Package versioning

A specific package is always referred to using its package identifier and an exact version number. For example, Entity Framework on nuget.org has several dozen specific packages available, ranging from version 4.1.10311 to version 6.1.3 (the latest stable release) and a variety of pre-release versions like 6.2.0-beta1.

When creating a package, you assign a specific version number with an optional pre-release text suffix. When consuming packages, on the other hand, you can specify either an exact version number or a range of acceptable versions.

In this topic:

Version basics

A specific version number is in the form Major.Minor.Patch[-Suffix], where the components have the following meanings:

  • Major: Breaking changes
  • Minor: New features, but backwards compatible
  • Patch: Backwards compatible bug fixes only
  • -Suffix (optional): a hyphen followed by a string denoting a pre-release version (following the Semantic Versioning or SemVer 1.0 convention).

Examples:

1.0.1           
6.11.1231
4.3.1-rc
2.2.44-beta1
Important

nuget.org rejects any package upload that lacks an exact version number. The version must be specified in the .nuspec or project file used to create the package.

Pre-release versions

Technically speaking, package creators can use any string as a suffix to denote a pre-release version, as NuGet treats any such version as pre-release and makes no other interpretation. That is, NuGet displays the full version string in whatever UI is involved, leaving any interpretation of the suffix's meaning to the consumer.

That said, package developers generally follow recognized naming conventions:

  • -alpha: Alpha release, typically used for work-in-progress and experimentation.
  • -beta: Beta release, typically one that is feature complete for the next planned release, but may contain known bugs.
  • -rc: Release candidate, typically a release that's potentially final (stable) unless significant bugs emerge.
Note

NuGet 4.3.0+ supports SemVer 2.0.0, which supports pre-release numbers with dot notation, as in 1.0.1-build.23. Dot notation is not supported with NuGet versions before 4.3.0. You can use a form like 1.0.1-build23.

When resolving package references and multiple package versions differ only by suffix, NuGet chooses a version without a suffix first, then applies precedence to pre-release versions in reverse alphabetical order. For example, the following versions would be chosen in the exact order shown:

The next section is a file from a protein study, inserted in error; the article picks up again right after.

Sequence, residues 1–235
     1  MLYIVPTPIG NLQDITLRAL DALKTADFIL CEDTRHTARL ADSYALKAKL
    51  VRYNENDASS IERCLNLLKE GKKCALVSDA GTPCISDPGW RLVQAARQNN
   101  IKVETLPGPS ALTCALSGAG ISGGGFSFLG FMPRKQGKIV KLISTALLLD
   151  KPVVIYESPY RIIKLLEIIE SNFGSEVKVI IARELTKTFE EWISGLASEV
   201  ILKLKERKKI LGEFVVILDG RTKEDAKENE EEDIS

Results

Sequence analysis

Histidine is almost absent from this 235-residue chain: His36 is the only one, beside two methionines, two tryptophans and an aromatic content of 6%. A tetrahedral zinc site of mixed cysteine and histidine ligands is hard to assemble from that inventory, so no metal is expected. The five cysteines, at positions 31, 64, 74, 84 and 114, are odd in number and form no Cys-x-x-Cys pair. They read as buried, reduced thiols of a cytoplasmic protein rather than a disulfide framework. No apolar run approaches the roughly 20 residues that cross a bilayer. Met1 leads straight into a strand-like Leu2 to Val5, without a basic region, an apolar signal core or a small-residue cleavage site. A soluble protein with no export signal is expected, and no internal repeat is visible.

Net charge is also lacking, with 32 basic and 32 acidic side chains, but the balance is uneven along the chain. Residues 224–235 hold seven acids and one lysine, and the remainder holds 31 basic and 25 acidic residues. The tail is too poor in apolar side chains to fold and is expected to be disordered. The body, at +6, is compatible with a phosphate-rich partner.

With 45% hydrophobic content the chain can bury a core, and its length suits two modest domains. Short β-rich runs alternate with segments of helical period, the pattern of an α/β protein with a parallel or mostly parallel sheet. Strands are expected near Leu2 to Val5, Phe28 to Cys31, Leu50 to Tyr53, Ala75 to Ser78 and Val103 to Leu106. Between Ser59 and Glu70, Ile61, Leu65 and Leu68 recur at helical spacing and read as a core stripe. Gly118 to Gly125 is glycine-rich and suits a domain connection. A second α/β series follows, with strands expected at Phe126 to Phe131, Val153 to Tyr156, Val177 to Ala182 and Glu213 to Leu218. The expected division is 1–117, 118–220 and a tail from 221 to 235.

1.0.1           
1.0.1-zzz
1.0.1-rc
1.0.1-open
1.0.1-beta
1.0.1-alpha2
1.0.1-alpha
1.0.1-aaa

Semantic Versioning 2.0.0

With NuGet 4.3.0+ and Visual Studio 2017 version 15.3+, NuGet supports Semantic Versioning 2.0.0.

Certain semantics of SemVer v2.0.0 are not supported in older clients. NuGet considers a package version to be SemVer v2.0.0 specific if either of the following statements is true:

  • The pre-release label is dot-separated, for example, 1.0.0-alpha.1
  • The version has build-metadata, for example, 1.0.0+githash

For nuget.org, a package is defined as a SemVer v2.0.0 package if either of the following statements is true:

  • The package's own version is SemVer v2.0.0 compliant but not SemVer v1.0.0 compliant, as defined above.
  • Any of the package's dependency version ranges has a minimum or maximum version that is SemVer v2.0.0 compliant but not SemVer v1.0.0 compliant, defined above; for example, [1.0.0-alpha.1, ).

If you upload a SemVer v2.0.0-specific package to nuget.org, the package is invisible to older clients and available to only the following NuGet clients:

  • NuGet 4.3.0+
  • Visual Studio 2017 version 15.3+
  • dotnet.exe (.NET SDK 2.0.0+)

Third-party clients:

  • JetBrains Rider
  • Paket version 5.0+

Version ranges and wildcards

When referring to package dependencies, NuGet supports using interval notation for specifying version ranges, summarized as follows:

Notation Applied rule Description
1.0 1.0 ≤ x Minimum version, inclusive
(1.0,) 1.0 < x Minimum version, exclusive
[1.0] x == 1.0 Exact version match
(,1.0] x ≤ 1.0 Maximum version, inclusive
(,1.0) x < 1.0 Maximum version, exclusive
[1.0,2.0] 1.0 ≤ x ≤ 2.0 Exact range, inclusive